It should come as no surprise that the pandemic hindered traditional crime groups from conducting business as usual. When the world shut down, criminals were forced to migrate their activities online and collaborate with existing cybercrime cartels, creating a surge in attacks that most organizations were not prepared for. For example, financial institutions saw a 118% increase in destructive attacks from 2020, as they were heavily targeted by the most advanced cybercrime cartels across the globe and their new affiliate networks.

Given the escalation from a modern bank heist to a virtual hostage situation we’ve witnessed over the past year, it is time financial institutions rethink their security posture and defense tactics to stay one step ahead of the adversary. This requires first taking a closer look at the recent evolution of cybercriminals and analyzing today’s most common attacks.

The Evolution of Cybercriminals

The formation of cybercrime cartels over the past few years has also unveiled new levels of organization and sophistication in their tactics. Two prime examples can be seen with the increase in attacks against targeted market strategies and the rise in the manipulation of timestamps, or Chronos attacks. Adversaries are no longer only after the ransom payment that comes as a result of hacking your network because they have discovered your data is now more valuable than your money. In early 2021, financial institutions saw an increase in attacks against targeted market strategies by 51%. Attackers identified that infiltrating a portfolio manager’s personal device allows them to be omniscient and obtain nonpublic market information that can be used to facilitate digital insider trading. Additionally, cybercriminals have found they can avoid detection through the manipulation of time stamps. This calls for a greater level of attention to be paid to the integrity of time, slowing the chance of adversaries altering the value of capital or trades in the future.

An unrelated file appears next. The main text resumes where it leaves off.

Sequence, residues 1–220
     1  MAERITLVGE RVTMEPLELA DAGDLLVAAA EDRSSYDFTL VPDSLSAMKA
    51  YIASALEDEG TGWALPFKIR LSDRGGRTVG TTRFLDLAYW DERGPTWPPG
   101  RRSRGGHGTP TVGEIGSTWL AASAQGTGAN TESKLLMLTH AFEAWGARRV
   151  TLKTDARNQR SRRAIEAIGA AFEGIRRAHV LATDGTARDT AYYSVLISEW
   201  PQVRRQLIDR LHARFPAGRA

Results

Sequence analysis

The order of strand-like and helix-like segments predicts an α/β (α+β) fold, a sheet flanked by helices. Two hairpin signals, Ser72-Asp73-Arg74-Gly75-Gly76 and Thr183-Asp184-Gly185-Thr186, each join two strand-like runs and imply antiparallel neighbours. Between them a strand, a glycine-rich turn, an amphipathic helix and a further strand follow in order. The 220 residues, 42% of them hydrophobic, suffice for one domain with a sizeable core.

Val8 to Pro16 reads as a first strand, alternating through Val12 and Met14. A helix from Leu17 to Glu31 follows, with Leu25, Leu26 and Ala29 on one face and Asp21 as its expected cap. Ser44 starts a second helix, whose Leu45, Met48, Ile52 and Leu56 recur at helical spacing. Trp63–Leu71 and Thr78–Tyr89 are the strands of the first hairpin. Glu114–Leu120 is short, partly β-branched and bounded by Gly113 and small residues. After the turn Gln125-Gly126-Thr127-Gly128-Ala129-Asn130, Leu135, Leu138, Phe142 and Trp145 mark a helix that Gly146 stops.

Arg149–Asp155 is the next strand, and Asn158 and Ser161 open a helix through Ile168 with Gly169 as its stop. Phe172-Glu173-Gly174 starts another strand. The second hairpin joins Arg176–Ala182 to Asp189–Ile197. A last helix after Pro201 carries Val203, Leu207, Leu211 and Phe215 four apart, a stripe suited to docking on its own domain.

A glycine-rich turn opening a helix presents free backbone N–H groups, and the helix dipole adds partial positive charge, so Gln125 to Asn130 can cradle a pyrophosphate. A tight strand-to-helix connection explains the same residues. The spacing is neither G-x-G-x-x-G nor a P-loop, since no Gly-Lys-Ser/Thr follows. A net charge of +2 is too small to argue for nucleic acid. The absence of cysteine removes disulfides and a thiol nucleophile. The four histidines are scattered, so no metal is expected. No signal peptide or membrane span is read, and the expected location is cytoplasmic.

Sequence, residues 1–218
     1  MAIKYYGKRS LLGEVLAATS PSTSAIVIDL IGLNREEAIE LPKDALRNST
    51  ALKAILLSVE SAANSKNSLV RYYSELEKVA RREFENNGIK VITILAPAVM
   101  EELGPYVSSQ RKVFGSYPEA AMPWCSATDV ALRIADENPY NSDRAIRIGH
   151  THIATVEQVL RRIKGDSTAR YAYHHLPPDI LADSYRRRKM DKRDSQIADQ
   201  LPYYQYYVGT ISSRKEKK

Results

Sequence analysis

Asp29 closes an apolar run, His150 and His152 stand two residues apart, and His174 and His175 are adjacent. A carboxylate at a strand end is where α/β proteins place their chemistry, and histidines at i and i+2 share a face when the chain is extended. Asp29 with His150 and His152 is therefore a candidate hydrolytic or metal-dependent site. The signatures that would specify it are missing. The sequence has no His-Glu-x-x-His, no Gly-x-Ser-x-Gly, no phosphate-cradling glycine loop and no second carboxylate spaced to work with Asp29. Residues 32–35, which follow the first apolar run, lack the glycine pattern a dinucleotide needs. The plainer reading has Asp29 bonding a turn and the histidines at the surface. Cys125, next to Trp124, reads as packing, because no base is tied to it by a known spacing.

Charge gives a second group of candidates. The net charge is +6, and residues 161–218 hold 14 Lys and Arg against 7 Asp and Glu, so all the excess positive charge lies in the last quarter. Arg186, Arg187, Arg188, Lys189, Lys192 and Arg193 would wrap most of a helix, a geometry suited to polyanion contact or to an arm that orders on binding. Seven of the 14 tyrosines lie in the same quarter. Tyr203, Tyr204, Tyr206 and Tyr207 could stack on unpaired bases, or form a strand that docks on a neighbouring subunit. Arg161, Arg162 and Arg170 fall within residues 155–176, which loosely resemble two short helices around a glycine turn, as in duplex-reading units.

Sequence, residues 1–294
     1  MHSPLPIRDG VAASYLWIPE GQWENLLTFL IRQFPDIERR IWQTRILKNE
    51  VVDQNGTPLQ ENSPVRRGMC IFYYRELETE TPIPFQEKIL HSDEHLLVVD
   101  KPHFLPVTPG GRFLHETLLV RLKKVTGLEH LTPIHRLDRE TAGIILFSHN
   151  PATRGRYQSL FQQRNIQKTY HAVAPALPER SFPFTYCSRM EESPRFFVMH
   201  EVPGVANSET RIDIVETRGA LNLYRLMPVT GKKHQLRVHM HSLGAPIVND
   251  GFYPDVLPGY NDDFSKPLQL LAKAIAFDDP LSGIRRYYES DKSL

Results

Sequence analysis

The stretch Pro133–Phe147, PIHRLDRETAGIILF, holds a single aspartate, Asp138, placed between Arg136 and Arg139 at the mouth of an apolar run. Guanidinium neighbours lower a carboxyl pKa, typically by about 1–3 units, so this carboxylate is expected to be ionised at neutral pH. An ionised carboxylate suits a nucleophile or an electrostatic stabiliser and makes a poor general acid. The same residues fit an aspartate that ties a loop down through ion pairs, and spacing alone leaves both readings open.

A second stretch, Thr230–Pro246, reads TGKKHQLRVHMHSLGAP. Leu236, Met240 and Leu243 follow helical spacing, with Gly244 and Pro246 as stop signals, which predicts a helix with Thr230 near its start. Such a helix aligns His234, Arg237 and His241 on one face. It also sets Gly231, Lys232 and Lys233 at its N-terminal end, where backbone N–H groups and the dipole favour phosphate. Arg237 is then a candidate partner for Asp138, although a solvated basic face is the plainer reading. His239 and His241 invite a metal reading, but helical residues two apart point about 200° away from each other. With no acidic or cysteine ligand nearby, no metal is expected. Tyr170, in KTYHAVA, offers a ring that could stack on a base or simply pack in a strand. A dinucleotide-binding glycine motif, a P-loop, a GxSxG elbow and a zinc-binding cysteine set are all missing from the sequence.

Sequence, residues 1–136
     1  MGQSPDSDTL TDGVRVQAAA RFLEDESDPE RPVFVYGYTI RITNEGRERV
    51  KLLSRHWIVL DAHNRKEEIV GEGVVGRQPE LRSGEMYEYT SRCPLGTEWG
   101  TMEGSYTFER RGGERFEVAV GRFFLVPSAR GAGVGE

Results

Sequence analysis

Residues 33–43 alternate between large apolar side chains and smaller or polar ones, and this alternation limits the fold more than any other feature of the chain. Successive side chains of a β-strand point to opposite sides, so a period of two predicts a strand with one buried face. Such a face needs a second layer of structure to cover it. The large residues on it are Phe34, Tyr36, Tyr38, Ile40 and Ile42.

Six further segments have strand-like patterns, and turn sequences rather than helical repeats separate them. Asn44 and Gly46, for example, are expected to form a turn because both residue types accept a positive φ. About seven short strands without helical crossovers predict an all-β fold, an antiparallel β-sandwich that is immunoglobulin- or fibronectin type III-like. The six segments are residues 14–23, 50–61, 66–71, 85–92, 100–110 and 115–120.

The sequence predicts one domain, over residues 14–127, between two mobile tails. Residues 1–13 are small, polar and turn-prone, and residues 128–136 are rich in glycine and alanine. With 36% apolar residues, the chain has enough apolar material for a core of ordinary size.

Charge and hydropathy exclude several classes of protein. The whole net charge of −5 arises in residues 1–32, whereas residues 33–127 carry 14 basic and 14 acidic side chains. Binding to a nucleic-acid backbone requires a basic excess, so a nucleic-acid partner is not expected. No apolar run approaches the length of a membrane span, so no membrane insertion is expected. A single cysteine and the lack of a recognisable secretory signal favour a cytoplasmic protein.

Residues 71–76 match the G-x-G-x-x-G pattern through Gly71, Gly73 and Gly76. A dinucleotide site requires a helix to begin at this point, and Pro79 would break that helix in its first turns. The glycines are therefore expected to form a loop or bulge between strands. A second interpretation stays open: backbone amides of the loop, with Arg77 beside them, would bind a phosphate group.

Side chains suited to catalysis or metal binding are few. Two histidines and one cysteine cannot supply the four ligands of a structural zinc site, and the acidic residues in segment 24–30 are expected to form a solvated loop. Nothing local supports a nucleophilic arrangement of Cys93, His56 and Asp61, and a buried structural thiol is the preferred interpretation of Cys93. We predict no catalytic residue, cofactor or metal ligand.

The Escalation

Gone are the days of traditional bank heists. Recent data from VMware found financial institutions (FIs) are facing a 38% increase in island hopping attacks, wherein the digital transformation of the institution is commandeered to launch attacks against its customers. FI’s and their customers are increasingly experiencing watering hole and application attacks as well as an increase in attacks that island-hop through the APIs of fintech vendors. The heist is escalating to a hostage situation as banking environments are being hijacked.

What Defenders Can Do

Implementing proactive strategies such as weekly threat hunting can help organizations be prepared for attacks and give security teams a deeper understanding of their threat environment. In addition, employing micro-segmentation and integrating your endpoint protection platform with your network detection and response is imperative in order to reinforce the FI’s security posture against these brazen cybercrime cartels.

The landscape has changed. Cybercrime is evolving and their elegant attacks show no sign of slowing down as the threat surface continues to expand as a result of the anywhere workforce. Leadership must appreciate that cybersecurity is no longer an expense but a functionality of conducting business. Trust and confidence in the safety and soundness of the future of the financial sector will depend on a proactive cybersecurity strategy.